Lenders often require homeowners to describe their circumstances in a hardship letter before the lender will approve a short sale. These letters should be truthful, concise and respectful. If you are concerned about writing your letter correctly, contact a HUD-certified housing counselor for assistance. Finally, not all lenders accept hardship letters. Your lender may instead provide you with a hardship form to fill out. Check with your lender about its process.
Explain Your Request and Situation
According to Nolo.com and Michigan State University Extension, you should begin the letter with your request for a short sale approval. Next, explain your circumstances and why your circumstances make it difficult or impossible to afford your mortgage.
Explain why a Short Sale is Necessary
After describing your situation, briefly explain why a short sale is in the best interest of both yourself and your lender. This can be as simple as noting that if you cannot sell your home, the home is likely to go into foreclosure.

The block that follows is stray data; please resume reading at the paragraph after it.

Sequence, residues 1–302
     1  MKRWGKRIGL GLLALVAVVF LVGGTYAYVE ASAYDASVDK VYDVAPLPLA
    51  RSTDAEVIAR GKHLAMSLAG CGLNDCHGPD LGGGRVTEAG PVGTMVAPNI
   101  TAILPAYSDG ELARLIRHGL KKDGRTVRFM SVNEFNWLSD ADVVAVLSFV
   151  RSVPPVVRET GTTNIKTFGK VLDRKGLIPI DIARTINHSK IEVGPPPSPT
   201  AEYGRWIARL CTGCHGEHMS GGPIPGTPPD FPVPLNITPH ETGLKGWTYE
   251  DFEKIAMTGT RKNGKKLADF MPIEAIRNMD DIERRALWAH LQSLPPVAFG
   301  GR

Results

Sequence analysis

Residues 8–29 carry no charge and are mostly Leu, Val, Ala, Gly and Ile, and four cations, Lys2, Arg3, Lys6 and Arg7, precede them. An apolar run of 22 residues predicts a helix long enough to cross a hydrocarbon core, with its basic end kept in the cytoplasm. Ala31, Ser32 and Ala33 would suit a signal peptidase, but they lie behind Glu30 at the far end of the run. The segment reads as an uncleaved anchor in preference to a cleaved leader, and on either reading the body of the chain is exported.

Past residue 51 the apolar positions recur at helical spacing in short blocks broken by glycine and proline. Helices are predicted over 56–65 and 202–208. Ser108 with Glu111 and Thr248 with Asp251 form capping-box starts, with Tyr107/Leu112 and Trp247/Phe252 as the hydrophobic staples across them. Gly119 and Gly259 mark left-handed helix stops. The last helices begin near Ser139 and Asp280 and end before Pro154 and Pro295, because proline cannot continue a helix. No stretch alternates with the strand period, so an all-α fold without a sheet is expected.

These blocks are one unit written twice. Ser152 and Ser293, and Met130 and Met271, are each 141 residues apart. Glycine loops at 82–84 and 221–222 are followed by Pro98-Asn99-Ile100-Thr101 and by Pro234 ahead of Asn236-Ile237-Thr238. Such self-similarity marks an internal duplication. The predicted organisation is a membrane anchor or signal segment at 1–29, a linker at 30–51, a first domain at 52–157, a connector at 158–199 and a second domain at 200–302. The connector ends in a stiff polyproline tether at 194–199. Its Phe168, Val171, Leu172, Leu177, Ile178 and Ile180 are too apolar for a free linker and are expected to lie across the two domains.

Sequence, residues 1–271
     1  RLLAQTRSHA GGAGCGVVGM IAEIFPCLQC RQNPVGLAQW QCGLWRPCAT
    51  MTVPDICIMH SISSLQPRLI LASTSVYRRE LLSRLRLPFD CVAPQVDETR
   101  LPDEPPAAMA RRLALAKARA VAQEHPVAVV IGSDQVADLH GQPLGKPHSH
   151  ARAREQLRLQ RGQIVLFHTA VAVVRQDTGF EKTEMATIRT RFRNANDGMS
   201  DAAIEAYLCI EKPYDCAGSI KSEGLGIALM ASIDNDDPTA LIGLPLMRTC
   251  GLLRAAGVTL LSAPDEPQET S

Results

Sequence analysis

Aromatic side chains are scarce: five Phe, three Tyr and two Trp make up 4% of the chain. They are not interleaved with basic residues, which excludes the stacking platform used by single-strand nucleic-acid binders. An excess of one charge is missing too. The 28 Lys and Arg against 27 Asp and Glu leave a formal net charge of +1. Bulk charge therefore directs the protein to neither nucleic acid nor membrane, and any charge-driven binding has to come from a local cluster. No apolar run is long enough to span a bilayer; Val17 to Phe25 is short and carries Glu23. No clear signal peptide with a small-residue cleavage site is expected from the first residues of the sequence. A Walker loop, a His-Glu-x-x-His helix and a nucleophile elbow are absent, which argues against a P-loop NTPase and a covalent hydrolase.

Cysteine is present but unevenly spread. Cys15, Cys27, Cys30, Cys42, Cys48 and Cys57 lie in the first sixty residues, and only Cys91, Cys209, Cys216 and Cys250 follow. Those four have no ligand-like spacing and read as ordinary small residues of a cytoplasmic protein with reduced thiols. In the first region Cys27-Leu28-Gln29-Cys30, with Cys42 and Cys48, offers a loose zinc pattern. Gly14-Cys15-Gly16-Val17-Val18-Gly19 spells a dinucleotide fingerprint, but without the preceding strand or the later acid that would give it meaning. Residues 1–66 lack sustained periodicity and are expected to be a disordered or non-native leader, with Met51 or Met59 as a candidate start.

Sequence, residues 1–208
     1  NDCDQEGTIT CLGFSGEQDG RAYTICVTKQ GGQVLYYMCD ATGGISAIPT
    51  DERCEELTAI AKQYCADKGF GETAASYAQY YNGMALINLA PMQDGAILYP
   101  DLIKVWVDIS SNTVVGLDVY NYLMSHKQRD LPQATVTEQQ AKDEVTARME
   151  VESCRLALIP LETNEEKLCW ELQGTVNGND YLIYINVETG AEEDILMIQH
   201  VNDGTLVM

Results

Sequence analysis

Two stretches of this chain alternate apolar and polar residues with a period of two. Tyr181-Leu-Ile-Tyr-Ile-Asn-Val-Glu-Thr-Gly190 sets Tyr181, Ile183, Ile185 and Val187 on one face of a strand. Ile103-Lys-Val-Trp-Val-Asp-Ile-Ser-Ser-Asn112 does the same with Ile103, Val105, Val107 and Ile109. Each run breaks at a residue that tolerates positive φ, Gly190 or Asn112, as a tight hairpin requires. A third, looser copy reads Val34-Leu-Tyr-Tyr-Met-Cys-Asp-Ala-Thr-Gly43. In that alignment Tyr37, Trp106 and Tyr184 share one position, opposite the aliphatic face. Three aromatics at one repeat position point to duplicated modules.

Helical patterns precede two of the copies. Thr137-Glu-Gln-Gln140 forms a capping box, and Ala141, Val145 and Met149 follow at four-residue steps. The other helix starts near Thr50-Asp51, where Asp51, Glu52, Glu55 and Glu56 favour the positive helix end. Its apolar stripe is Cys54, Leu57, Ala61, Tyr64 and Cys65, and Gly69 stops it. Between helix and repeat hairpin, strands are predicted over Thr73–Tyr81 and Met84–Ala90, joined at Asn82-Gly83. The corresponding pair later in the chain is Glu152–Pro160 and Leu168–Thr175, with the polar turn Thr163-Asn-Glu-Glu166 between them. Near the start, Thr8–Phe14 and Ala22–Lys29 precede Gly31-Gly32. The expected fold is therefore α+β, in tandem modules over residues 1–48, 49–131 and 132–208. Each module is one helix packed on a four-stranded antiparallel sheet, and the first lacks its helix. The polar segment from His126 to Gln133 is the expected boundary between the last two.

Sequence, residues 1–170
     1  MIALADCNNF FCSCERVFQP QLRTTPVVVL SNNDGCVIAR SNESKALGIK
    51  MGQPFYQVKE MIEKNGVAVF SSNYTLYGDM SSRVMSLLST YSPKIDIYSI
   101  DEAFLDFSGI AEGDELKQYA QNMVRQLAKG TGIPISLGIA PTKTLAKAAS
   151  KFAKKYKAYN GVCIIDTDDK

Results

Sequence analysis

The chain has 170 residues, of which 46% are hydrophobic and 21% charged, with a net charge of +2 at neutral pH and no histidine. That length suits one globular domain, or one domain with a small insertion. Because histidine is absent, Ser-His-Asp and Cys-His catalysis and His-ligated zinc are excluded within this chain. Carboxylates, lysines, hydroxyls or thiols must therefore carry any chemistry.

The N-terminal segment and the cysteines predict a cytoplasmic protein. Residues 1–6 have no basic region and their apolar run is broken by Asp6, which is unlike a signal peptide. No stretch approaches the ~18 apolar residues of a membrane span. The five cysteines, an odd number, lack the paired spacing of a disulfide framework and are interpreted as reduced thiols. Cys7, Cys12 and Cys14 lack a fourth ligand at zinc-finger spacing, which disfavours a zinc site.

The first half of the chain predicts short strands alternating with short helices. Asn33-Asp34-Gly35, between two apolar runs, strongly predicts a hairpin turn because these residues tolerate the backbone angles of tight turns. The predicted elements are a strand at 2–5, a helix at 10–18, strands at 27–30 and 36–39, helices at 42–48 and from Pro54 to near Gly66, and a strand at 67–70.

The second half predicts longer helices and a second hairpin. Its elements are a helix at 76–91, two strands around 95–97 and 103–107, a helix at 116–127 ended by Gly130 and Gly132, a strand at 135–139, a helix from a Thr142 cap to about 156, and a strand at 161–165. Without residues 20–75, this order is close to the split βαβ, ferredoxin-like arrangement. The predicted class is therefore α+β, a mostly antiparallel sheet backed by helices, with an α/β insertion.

Include supporting documentation of your financial situation, such as pay stubs, and the specific events that led to your financial crisis. If you are unemployed, include a copy of your termination letter or unemployment insurance certification. If you are ill, include a doctor's note or copies of hospital bills.